Some are frank and straightforward and say yes. Others have not been so candid. Despite being confronted with clear facts, despite being confronted with the unanimous opinion of 134 legal scholars, experts in their field, intimately familiar with the Constitution, some have chosen to not be forthright with Canadians. They have eschewed the honest approach in favour of the political approach. They have attempted to cajole the public into believing that we can return to the past with a simple snap of the fingers, that we can revert to traditional definition of marriage without consequence and without overriding the Charter. They’re insincere. They’re disingenuous. And they’re wrong.

There is one question that demands an answer – a straight answer – from those who would seek to lead this nation and its people. It is a simple question Will you use the notwithstanding clause to overturn the definition of civil marriage and deny to Canadians a right guaranteed under the Charter?

This question does not demand rhetoric. It demands clarity. There are only two legitimate answers – yes or no. Not the demagoguery we have heard, not the dodging, the flawed reasoning, the false options. Just yes or no.

Will you take away a right as guaranteed under the Charter? I, for one, will answer that question, Mr. Speaker. I will answer it clearly. I will say no.

The notwithstanding clause is part of the Charter of Rights. But there’s a reason that no prime minister has ever used it. For a prime minister to use the powers of his office to explicitly deny rather than affirm a right enshrined under the Charter would serve as a signal to all minorities that no longer can they look to the nation’s leader and to the nation’s Constitution for protection, for security, for the guarantee of their freedoms. We would risk becoming a country in which the defence of rights is weighed, calculated and debated based on electoral or other considerations.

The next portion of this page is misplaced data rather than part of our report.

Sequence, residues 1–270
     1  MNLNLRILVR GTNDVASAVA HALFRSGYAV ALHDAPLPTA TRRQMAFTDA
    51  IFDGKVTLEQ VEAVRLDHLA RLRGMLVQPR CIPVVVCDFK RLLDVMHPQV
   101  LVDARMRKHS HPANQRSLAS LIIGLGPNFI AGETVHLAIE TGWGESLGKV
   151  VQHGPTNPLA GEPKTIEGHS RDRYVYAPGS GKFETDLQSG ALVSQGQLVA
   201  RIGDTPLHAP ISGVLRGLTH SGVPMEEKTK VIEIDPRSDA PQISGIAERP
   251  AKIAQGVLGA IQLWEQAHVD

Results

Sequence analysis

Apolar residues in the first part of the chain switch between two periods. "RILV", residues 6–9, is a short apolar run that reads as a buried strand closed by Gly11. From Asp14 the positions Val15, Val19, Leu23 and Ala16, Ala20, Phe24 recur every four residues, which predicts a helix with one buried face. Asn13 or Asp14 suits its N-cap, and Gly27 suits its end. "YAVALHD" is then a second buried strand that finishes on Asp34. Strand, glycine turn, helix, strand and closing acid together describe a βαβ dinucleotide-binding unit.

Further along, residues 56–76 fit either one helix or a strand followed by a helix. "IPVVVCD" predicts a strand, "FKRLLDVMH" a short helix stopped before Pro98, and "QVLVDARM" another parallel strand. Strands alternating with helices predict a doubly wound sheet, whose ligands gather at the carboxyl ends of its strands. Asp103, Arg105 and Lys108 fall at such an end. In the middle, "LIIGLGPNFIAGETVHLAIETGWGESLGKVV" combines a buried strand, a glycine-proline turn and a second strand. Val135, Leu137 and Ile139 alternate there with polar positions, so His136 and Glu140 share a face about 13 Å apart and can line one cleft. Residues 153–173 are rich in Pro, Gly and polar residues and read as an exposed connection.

That would set us back decades as a nation. It would be wrong for the minorities of this country. It would be wrong for Canada.

The Charter is a living document, the heartbeat of our Constitution. It is also a proclamation. It declares that as Canadians, we live under a progressive and inclusive set of fundamental beliefs about the value of the individual. It declares that we all are lessened when any one of us is denied a fundamental right.

We cannot exalt the Charter as a fundamental aspect of our national character and then use the notwithstanding clause to reject the protections that it would extend. Our rights must be eternal, not subject to political whim.

To those who value the Charter yet oppose the protection of rights for same-sex couples, I ask you If a prime minister and a national government are willing to take away the rights of one group, what is to say they will stop at that? If the Charter is not there today to protect the rights of one minority, then how can we as a nation of minorities ever hope, ever believe, ever trust that it will be there to protect us tomorrow?

My responsibility as Prime Minister, my duty to Canada and to Canadians, is to defend the Charter in its entirety. Not to pick and choose the rights that our laws shall protect and those that are to be ignored. Not to decree those who shall be equal and those who shall not. My duty is to protect the Charter, as some in this House will not.

Let us never forget that one of the reasons that Canada is such a vibrant nation, so diverse, so rich in the many cultures and races of the world, is that immigrants who come here – as was the case with the ancestors of many of us in this chamber – feel free and are free to practice their religion, follow their faith, live as they want to live. No homogenous system of beliefs is imposed on them.

When we as a nation protect minority rights, we are protecting our multicultural nature. We are reinforcing the Canada we value. We are saying, proudly and unflinchingly, that defending rights – not just those that happen to apply to us, not just that everyone approves of, but all fundamental rights – is at the very soul of what it means to be a Canadian.

This is a vital aspect of the values we hold dear and strive to pass on to others in the world who are embattled, who endure tyranny, whose freedoms are curtailed, whose rights are violated.

Why is the Charter so important, Mr. Speaker? We have only to look at our own history. Unfortunately, Canada’s story is one in which not everyone’s rights were protected under the law. We have not been free from discrimination, bias, unfairness. There have been blatant inequalities.